Women are capable of bringing change to their environment – First Lady Jeannette Kagame

Her Excellency Mrs Jeannette Kagame delivering remarks at the 14th World Vision ‘Strong Women Strong World’ Summit luncheon. Courtesy.

First Lady Jeannette Kagame has said that women and girls are capable of bringing about significant change to their environment, despite obstacles that stand in the way of their advancement.

If the existing impediments to women advancement were removed from their paths, Mrs. Kagame indicated that the impact of change could be more powerful.

The First Lady was speaking at the 14th World Vision Summit ‘Strong Women Strong World’ which took place Friday in New York, USA.

“We all have at least one story of that one woman or girl, who has sparked off remarkable changes around them, because they had been able to enjoy the many benefits of gender equality and social justice, beginning with equal access to knowledge, and education,” she said.

'She Can' performance during 14th World Vision 'Strong Women Strong World' Summit luncheon, challenges faced by girls and women living in extreme poverty.

She particularly told the story of Yvette Ishimwe, a young Rwandan female entrepreneur who last year received the ‘Queen’s Young Leaders’ award at Buckingham Palace in London.

Ishimwe studied physics, chemistry and biology in high school at a time when the Government had started to push for girls’ increased enrolment in the STEM cohort.

“While in school, she decided to create a social enterprise called ‘Iriba Clean Water Delivery’ to extract water from natural sources such as lakes, and to treat it using a water purifier system, before supplying it to households at an affordable cost,” Kagame recounted the story.

This simple but innovative concept, she added, is now allowing communities living in water-scarce environments, to access clean, potable water available at arm’s length.

The First Lady indicated that the role of women is changing, and that opportunities need to expand in order to keep pace with the evolving aspirations of all members of society.

She said that it is, therefore, imperative to consider the dual role that women embrace in these modern times.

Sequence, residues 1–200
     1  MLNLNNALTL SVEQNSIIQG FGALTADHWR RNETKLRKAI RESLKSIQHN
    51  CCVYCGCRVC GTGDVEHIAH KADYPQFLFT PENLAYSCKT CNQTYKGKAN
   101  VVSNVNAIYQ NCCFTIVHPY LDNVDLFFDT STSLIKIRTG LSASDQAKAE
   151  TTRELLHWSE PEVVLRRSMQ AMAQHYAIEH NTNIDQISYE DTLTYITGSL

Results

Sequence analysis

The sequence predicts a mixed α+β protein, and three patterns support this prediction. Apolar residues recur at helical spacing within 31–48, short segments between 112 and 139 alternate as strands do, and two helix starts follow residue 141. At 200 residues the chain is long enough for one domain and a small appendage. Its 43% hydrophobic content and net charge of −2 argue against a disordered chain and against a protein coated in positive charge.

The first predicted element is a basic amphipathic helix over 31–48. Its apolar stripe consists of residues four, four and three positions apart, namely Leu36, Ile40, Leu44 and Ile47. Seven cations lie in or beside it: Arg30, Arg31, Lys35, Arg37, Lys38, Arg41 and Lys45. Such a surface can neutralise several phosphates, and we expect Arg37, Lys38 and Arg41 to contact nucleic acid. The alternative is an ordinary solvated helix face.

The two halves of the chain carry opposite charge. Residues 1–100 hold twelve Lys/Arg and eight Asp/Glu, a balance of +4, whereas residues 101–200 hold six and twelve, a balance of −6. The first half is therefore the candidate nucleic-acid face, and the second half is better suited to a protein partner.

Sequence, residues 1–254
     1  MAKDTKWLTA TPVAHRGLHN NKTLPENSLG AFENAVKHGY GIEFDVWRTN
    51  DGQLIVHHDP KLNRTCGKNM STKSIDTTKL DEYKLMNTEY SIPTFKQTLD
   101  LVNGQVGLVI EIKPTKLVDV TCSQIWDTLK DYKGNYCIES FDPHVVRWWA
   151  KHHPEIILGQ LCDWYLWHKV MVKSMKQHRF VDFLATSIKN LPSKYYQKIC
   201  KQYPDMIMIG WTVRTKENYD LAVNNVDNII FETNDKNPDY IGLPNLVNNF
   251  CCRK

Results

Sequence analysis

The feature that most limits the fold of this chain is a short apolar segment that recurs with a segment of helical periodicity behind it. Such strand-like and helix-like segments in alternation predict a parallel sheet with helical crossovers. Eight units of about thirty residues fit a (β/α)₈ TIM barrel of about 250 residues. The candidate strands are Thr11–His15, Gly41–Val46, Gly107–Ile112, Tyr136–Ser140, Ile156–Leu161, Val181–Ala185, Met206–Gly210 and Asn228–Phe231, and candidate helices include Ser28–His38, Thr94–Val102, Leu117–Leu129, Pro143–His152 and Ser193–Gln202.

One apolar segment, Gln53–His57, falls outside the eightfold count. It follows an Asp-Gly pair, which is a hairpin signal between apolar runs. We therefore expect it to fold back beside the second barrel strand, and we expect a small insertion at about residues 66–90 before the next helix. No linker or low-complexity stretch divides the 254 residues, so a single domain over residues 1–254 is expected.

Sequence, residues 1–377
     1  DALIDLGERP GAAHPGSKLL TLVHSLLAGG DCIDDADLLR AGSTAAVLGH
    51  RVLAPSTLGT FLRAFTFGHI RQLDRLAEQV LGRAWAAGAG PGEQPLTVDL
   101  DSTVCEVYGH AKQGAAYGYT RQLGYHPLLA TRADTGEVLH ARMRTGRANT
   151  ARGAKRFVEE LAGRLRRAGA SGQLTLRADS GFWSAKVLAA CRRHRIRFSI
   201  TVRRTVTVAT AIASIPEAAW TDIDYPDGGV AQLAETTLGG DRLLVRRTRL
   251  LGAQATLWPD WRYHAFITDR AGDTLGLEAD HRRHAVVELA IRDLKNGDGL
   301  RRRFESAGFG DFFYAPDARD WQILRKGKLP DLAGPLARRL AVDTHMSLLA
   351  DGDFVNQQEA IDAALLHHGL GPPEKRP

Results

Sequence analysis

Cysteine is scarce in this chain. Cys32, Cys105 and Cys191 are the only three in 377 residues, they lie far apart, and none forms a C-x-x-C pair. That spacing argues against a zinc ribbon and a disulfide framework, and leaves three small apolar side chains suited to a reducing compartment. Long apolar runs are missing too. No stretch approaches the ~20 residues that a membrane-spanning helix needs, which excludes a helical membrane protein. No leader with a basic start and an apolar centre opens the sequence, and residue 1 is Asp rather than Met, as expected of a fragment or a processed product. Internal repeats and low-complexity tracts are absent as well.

Edgar Sandoval, President of World Vision U.S. at the 14th World Vision Strong Women Strong World Summit.

While traditionally, most women were expected to focus exclusively on the family sphere, and fulfil their responsibilities as wives, mothers and caregivers, the First Lady said that in today’s fast-paced world, women are seen as full participants in both the private and public arena.

“Their roles have shifted from mothers and caregivers, to an increasing acceptance of their role as leaders, in their own right,” she noted.

“As a result, our interventions should be carefully designed to provide balance to this evolving chapter in the book of women. Both roles should be seen as complementary and foundational – for the children, the family, and ultimately for society at large,” she added.

Mrs. Kagame who’s also the Chairperson of Imbuto Foundation, emphasised that it was fair to intensify efforts to change cultural practices that limit women to specific roles.

“For us in Rwanda, this has meant not only entrenching supportive policies and legislation, but also changing cultural beliefs that limit women to specific roles, while overlooking the supportive and nurturing role of men,” she noted.

At the World Vision summit, the First Lady addressed more than 250 guests, including women and men of influence, with a passion to empower women and girls to become agents of change in eradicating poverty.

Among other participants were Ambassador Fatima Kyari Mohammed, the Permanent Observer of the African Union to the UN, President Edgar Sandoval, of World Vision United States, and World Vision Celebrity Ambassador, Patricia Heaton.

World Vision has been operating in Rwanda since 1994. Every year, about 1.2 million people especially children benefit from World Vision Rwanda’s programmes, which currently operate in 24 districts throughout the country.

The First Lady commended the organisation’s work to support different programmes like child protection, education and food security, health, nutrition and water sanitation.

“Allow me to reiterate that we need more allies for this noble cause, if we are to remove the last-standing, structural barriers to progress, and the mindsets that still undermine the ability of our women and girls, to awaken to the full potential and power that lies within them,” she noted.

editorial@newtimes.co.rw

 

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